Unidentified artist, no date (ca. 1770), depiction of a laborer’s garb and tools used in a royal Spanish tobacco factory. | The Huntington Library, Art Museum, and Botanical Gardens.

Tobacco, a Royal Revenue Source in 18th-Century Spain

“This late 18th-century Spanish album offers 15 watercolor illustrations of a royal factory for the processing of tobacco, the most valuable agricultural commodity from the Americas and second only to silver as the most important source of royal revenue,” said Clay Stalls, curator of California and Hispanic Collections.

The album was most likely a presentation piece to glorify the tobacco factory’s patron, who was possibly Spanish King Carlos III (1716–1788). The album’s cover bears his coat of arms.

The tobacco factory depicted in the album is thought to be the Royal Tobacco Factory in Seville. The millstones in the drawings provide a clue because they are associated with the Royal Tobacco Factory and were developed by a resident engineer there. Also, in one of the drawings, a worker’s hat is inscribed with “Cs. III,” an abbreviation for Carlos III. The king built the factory for the drying, cutting, grinding, and sifting of tobacco primarily from Cuba. It was the second largest building in Spain and demonstrated the importance of the tobacco industry to the crown.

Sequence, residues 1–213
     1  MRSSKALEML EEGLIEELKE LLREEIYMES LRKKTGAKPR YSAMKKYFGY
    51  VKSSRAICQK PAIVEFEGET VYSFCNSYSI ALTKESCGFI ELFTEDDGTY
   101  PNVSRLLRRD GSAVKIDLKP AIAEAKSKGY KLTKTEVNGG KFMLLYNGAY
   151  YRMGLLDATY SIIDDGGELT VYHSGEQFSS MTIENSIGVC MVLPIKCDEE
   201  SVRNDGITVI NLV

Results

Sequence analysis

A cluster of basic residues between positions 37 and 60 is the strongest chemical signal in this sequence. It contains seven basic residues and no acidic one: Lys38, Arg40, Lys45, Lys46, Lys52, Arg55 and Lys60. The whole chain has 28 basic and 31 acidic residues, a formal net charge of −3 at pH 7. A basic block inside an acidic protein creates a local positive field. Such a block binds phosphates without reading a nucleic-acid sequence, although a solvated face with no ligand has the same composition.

The album’s full-page illustrations extensively portray the inner workings of the factory, from the techniques of production to the administrative forces involved. Its visual documentation of the commodification of tobacco supports studies on the regulation of such commodities as salt and such enterprises as mining in Spanish Colonial Mexico. The album also provides more context to the Library’s holdings on the history of tobacco, which include at least 10 proclamations on the royal tobacco monopoly in 18th-century Mexico.

Expand image Pages of Natural History of the Rarer Lepidopterous Insects with drawing of yellow flowers and insects and accompanying text.

John Abbot and James Smith, The Natural History of the Rarer Lepidopterous Insects of Georgia, 1797–1822. London, T. Bensley for J. Edwards, Cadell and Davies, and J. White, 1797 (but issued in the early 19th century). Two volumes with 104 fine hand-colored engraved plates; text in both English and French. The Huntington Library, Art Museum, and Botanical Gardens.